The consequences of possible faults in health systems have a negative impact on patients and their families, on health organizations, and on society. Studies have demonstrated that the occurrence of adverse events in services to hospitalized patients may lead to complications in patient recovery, increased infection rates, and hospitalization time(7-8). The fact that about one out of 10 admissions results in at least one adverse event is alarming, especially when we consider that half of these incidents are preventable, according to studies conducted in American hospitals(9-10).

In Brazil, a study conducted in three university hospitals showed an incidence of adverse events of 7.6%, of which 66.7% were considered preventable(11). These findings, combined with initiatives such as the Brazilian Network of Nursing and Patient Safety (REBRAENSP, Rede Brasileira de Enfermagem e Segurança do Paciente), created in 2008 in a partnership with the Pan-American Health Organization (PAHO), further strengthened the intention to disseminate a safety culture among institutes, professionals, and families of patients in Brazil(12).

According to the National Patient Safety Agency (NPSA)(13), between February 2006 and January 2007, 24,382 reports of situations incompatible with patient care were received, and it was estimated that approximately 2,900 of these incidents were related to the use of identification wristbands, such as an absent wristband or incorrect information on the wristband. The NPSA warns that these situations may increase the risk of incorrect patient identification, and inadequate treatment may be provided. In addition, it points out that the standardization of identification wristbands, information on wristbands, and processes used in data verification in critical moments are essential for improved patient safety.

Considering the facts above, it is extremely important to adopt indicators and monitoring of processes to reduce the impact of errors in patients in health systems. The studied hospital, concerned about monitoring and improving this process, developed and implemented, in January 2013, an indicator that shows the adherence of health professionals to patient ID verification in critical moments, as recommended by commonly known protocols.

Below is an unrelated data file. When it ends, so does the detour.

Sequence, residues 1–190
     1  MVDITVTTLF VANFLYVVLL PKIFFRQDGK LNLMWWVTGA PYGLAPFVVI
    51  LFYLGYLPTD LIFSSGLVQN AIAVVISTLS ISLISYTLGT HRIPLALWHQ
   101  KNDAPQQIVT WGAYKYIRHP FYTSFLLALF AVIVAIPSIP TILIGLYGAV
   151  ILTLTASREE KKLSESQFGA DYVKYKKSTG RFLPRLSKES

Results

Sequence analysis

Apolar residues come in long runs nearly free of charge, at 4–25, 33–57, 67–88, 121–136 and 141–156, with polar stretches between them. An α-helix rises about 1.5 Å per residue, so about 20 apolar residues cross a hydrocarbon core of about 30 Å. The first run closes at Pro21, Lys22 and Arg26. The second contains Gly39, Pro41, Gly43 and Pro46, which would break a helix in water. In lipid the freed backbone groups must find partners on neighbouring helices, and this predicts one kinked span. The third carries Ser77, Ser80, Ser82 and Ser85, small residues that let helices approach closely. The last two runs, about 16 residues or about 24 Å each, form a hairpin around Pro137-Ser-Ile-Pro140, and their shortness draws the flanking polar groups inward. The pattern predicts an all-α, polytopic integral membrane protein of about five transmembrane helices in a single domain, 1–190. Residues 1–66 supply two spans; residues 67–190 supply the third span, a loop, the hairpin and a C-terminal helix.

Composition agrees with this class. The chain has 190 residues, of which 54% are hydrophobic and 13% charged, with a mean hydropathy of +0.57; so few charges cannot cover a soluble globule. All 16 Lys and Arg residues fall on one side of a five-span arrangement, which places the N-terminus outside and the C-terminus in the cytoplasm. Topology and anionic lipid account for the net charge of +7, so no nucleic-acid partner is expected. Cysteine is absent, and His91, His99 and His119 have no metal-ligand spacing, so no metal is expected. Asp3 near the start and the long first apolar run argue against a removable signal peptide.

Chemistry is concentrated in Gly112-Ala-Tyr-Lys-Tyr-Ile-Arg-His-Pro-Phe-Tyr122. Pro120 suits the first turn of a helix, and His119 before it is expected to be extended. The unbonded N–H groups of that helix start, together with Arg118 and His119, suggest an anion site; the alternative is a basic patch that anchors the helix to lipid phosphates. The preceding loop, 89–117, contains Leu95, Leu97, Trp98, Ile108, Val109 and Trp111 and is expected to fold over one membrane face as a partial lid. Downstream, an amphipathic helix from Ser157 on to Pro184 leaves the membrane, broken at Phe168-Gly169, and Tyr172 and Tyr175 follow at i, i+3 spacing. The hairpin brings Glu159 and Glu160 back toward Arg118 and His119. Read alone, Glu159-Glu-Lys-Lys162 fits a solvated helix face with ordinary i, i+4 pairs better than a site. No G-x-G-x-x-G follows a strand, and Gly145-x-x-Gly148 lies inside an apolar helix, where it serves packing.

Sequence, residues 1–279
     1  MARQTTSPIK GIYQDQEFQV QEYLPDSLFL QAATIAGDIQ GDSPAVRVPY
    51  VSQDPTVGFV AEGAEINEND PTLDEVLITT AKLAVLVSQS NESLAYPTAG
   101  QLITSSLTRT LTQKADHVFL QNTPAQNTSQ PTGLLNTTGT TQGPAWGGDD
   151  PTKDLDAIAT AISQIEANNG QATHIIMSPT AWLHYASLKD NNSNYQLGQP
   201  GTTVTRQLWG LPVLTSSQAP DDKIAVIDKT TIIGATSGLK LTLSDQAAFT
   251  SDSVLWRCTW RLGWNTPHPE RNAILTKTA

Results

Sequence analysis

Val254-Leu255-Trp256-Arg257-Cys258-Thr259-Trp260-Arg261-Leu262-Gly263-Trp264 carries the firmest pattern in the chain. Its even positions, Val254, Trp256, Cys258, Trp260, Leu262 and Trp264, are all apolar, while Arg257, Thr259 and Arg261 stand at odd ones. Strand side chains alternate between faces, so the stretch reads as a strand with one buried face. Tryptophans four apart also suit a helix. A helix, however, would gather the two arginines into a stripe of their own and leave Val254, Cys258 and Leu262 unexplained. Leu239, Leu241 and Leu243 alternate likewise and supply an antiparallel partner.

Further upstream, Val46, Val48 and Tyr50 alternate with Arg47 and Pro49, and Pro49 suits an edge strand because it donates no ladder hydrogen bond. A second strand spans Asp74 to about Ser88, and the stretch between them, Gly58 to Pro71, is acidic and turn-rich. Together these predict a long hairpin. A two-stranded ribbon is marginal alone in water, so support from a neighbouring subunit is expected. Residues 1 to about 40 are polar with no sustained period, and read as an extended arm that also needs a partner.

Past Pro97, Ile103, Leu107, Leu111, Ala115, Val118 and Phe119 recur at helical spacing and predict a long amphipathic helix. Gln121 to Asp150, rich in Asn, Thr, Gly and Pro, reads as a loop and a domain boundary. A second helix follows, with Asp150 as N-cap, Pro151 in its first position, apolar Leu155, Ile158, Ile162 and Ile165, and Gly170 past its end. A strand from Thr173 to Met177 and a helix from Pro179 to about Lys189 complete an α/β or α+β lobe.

Aiming to evaluate whether educational actions effectively make professionals aware of safe practices, the following question was formulated: Can educational actions improve the results of adherence to patient ID verification by health professionals?

The objective of this study is to analyze educational actions as a result of the indicator "adherence rate of health professionals in patient ID wristband verification," discussing the adherence of professionals to the process before they provide high-risk care.

METHODOLOGY

This is a descriptive exploratory study of a quantitative approach conducted in a university hospital in the city of Porto Alegre. This university hospital has 843 beds and offers adult and pediatric admission. Throughout the whole year of 2012, the process of patient identification was discussed and redesigned. Before that, the hospital had already adopted a practice to identify its patients through wristbands, but the ID information was manually written and not standardized. In some situations, the professionals added the patient bed; in others they would not write the patient's full name or would forget to add the patient ID number. The ID verification routine was not uniformly practiced in the institute.

Based on the guidelines from the main entities that have addressed questions of health service quality and patient safety(1,5,13), which recommend the adoption of at least two patient ID elements, this hospital discussed and revised its patient identification process, adopting the patient's full name and patient ID number as identification elements. The institute assumed the mandatory verification of these indicators by health professionals before providing high-risk care (such as administration of medication and blood and blood components, before collecting blood samples and other samples for tests, and before invasive procedures and other treatments) starting in January 2013.

Since then, the hospital has used a new indicator of service quality and patient safety to evaluate the adherence of health professionals to this new process. This indicator attempts to measure the compliance of patient ID verification on the wristband before care provision. This new process was measured through interviews with patients from 17 admission units of the hospital that questioned the perceptions of the patient, family member, or accompanying person of wristband verification by health professionals before the provision of high-risk care, such as administration of medication, blood sample collection, diet delivery, or invasive procedures. The number of answers "yes" indicated the percentage of health professionals' adherence to patient ID verification routine.

Data about the indicator were collected through daily interviews with 18 patients hospitalized in the admission units for adult and pediatric patients. The patients were randomly allocated for the interview, and patients from two admission units were interviewed. In the pediatric units, the interview was conducted with the pediatric patients' parents or accompanying persons.

The sample was calculated considering 40% adherence to ID verification, which was the prevalence observed in the second half of 2012 before implementation of the indicator; 5% error was considered valid. For a significant sample, 306 patients a month, or 18 patients a day, were to be interviewed.